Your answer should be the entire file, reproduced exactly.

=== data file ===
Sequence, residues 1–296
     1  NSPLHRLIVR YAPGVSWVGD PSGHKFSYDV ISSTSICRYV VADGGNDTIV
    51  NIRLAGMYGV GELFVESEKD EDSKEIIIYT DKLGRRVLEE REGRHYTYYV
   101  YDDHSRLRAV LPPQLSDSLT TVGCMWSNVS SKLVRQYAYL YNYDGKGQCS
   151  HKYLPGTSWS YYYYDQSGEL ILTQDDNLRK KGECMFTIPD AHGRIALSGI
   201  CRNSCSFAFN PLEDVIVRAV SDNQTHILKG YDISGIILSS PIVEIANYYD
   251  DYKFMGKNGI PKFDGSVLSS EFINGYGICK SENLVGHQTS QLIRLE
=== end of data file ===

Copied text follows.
Sequence, residues 1–296
     1  NSPLHRLIVR YAPGVSWVGD PSGHKFSYDV ISSTSICRYV VADGGNDTIV
    51  NIRLAGMYGV GELFVESEKD EDSKEIIIYT DKLGRRVLEE REGRHYTYYV
   101  YDDHSRLRAV LPPQLSDSLT TVGCMWSNVS SKLVRQYAYL YNYDGKGQCS
   151  HKYLPGTSWS YYYYDQSGEL ILTQDDNLRK KGECMFTIPD AHGRIALSGI
   201  CRNSCSFAFN PLEDVIVRAV SDNQTHILKG YDISGIILSS PIVEIANYYD
   251  DYKFMGKNGI PKFDGSVLSS EFINGYGICK SENLVGHQTS QLIRLE